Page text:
#17 Tarryn Thomas – Thomas gave his future teammates a taste of what they can look forward to in years to come. The North Melbourne Next-Generation Academy prospect was slow out of the blocks but his second half was sensational. Won the ball both on the outside and in tight with his clean disposal and class catching the eye. One memorable moment was his one-on-one win in the goal square, collecting the bouncing ball and finishing truly with a left foot snap. Put on good defensive pressure while forward and worked back regularly in defence while in the midfield.

#18 Buku Khamis – Overall Buku Khamis defended strongly against his North Melbourne opponents. His athleticism as a key position player was impressive, regularly leaping into the air to spoil, although he dropped a couple of marks and was hesitant to mark the ball overhead at times. Showed off some dash out of defence outpacing tacklers which was encouraging.

#19 Jackon Hately – Hately’s performance was emphatic. The 192cm midfielder was arguably best afield to half time, kicking two majors and winning the ball at the coalface to great effect, handballing to teammates in space. His tackling was another feature of his game, following up and getting his hands dirty. Took some strong marks as well, making his game a fairly complete package. A really strong showing and was certainly among the Academy’s best.

#21 Isaac Quaynor – Quaynor was another who worked into the game, with an impressive third quarter in particular. This included a fantastic intercept pack mark, marking the ball at the highest point amongst bigger opponents. His disposal was not as efficient as we know it can be, but his teammates looked to get the ball in his hands as often as possible out of defence.

#22 Nick Blakey – Kicked one of the goals of the day swinging onto his left from 40 metres out after an excellent pickup. Blakey played up forward during the first half and spent the second half in defence for the Academy side, showcasing his versatility as a player. A couple of his kicks were magnificent, but a costly error deep in defence cost them a goal in the third quarter.

Matt Balmer:

#23 Jack Lukosius – Started the game in defence and slowly started getting into the contest after quarter-time. An agile run across half back along the Great Southern Stand side of the ground was impressive in the second quarter, as was his two elite pinpoint passes. Lukosius is one of the better kicks in the draft pool and as a tall – that is a huge tick. At times he was manned up on the dangerous Mason Wood when he played in defence. After half-time, Lukosius went forward and hit the scoreboard, with two goals – including a set shot goal in third quarter.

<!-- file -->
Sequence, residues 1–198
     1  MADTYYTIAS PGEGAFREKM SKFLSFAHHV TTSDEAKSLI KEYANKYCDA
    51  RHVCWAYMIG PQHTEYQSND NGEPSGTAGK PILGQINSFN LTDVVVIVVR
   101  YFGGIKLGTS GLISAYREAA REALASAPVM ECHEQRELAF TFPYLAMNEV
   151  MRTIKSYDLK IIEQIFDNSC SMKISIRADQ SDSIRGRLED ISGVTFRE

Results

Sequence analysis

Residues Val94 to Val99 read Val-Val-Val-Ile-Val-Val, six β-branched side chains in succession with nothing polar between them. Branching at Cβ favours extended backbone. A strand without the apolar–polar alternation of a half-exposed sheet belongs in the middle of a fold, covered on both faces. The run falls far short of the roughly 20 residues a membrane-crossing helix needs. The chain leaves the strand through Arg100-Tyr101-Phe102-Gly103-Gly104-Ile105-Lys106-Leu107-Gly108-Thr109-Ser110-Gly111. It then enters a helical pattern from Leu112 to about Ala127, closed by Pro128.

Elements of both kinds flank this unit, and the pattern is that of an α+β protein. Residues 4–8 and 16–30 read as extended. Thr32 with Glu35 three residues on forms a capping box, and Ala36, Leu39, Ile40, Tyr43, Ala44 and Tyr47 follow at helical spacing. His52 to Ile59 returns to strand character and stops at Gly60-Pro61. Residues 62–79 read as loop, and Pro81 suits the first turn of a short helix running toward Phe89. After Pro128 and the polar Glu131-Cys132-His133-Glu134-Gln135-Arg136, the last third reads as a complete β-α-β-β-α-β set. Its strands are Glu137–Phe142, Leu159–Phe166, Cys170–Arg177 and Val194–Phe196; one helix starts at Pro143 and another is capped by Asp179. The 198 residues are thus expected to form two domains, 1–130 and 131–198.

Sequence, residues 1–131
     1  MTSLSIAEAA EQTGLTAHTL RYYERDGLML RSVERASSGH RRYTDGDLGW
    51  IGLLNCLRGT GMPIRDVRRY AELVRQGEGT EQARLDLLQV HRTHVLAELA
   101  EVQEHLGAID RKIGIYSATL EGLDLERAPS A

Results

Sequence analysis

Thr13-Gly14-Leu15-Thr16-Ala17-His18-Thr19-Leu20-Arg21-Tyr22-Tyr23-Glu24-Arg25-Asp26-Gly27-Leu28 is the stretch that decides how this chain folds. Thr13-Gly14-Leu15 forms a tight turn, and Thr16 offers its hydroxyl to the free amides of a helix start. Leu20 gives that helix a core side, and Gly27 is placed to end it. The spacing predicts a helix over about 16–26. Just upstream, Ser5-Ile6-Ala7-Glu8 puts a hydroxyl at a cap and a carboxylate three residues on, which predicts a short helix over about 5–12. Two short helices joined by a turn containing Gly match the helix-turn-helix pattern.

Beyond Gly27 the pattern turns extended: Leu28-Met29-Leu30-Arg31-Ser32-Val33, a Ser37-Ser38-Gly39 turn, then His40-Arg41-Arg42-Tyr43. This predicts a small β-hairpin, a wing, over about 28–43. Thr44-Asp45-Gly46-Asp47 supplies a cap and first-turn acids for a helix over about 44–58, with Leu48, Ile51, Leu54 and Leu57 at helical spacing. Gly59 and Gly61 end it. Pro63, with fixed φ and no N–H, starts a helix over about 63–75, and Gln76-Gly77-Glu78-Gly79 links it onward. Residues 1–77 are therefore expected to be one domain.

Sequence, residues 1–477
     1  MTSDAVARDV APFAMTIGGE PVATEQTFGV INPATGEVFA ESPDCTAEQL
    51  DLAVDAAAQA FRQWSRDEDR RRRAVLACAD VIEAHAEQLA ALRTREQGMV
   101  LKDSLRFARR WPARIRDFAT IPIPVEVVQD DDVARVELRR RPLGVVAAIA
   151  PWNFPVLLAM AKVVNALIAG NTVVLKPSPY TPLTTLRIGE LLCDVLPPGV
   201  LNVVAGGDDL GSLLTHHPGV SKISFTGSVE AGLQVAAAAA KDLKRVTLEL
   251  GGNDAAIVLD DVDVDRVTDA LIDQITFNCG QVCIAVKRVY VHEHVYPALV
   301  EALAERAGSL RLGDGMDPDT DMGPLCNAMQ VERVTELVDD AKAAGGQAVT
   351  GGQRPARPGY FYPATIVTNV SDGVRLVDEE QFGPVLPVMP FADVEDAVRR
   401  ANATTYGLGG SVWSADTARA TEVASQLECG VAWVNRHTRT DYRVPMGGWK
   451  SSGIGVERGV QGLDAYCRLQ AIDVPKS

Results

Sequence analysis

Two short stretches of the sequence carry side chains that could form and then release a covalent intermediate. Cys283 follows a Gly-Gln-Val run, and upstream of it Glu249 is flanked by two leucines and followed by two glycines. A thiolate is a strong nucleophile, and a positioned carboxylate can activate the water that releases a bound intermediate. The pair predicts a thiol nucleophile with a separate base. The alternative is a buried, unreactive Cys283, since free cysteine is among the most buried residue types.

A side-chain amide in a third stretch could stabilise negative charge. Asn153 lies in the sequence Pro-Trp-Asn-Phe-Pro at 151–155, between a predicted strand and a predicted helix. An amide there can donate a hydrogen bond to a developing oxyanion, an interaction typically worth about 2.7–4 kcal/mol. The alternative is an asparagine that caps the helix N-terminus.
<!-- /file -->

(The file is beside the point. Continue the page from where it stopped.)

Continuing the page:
#24 Hudson Garoni – Spent the entire game up forward and took a few marks. Had a set shot kick on goal in the second quarter, but it went out on the full.

#25 Hugo Munn – Played in defence and showed he was willing to use either side of his body to dispose of the ball. Had a few words to say to Braydon Preuss, which resulted in some push and shove during the second term. He did drop a mark in the fourth quarter which he should’ve taken, but nevertheless it will be good to see how he performs on the big stage in the NAB AFL Under 18 Championships.

#26 Riley Bowman – Had a really good crack in the ruck, despite his slimmer frame than his VFL opposition. His hands in close were very good and his agility & mobility around the ground was very good.

#27 Max King – Started with one goal and two behinds from the opening quarter. He marked well in the goalsquare, converting his chance – but missed another 45m out from a set shot. One of his most impressive involvements was his pick-up & handball to West in the corridor early in the contest. Booted his second goal in the third quarter of the match, finishing with 2.2 and three marks.

#28 Ben King – Got better as the game went early. Early in the match, he didn’t impact a contest allowing an easy North Melbourne mark – but from that incident onwards, he showed his capabilities as the best key defender in the draft pool. He marked well overhead and spoiled on multiple occasions. He’s another good ball user for his size which allowed him to get the ball moving forward.

#29 Bailey Williams – Was the No.1 ruck for the AFL Academy going into the game and it would’ve been a daunting first centre bounce, looking at the big Braydon Preuss standing a few metres away from him. Competed well and showed off his long right boot with a big inside 50 during the contest.

#30 Matthew Green – Green played mostly as a defender for the AFL Academy team. He got involved in the second half, but was mostly quiet for the game. Expect to see him in action for the NT in the Under 18 Academy Series in the coming weeks.

#31 Bailey Smith – Played across half back and had a better second half, after just a few touches in the first half. Early on, he did set up Max King with a great pass in the first quarter. He just gets to the right positions to win the ball and is a reliable ball user.

#32 Curtis Taylor – Impressed in glimpses with some great moments as a half forward. He took multiple marks on the lead and overhead, booting two goals for the game – including a super goal right on the full-time siren. On a few occasions his set shot kicks on goal fell short. A super handball in close set up Jack Lukosius’ second goal.

** – Update on Jye Caldwell injury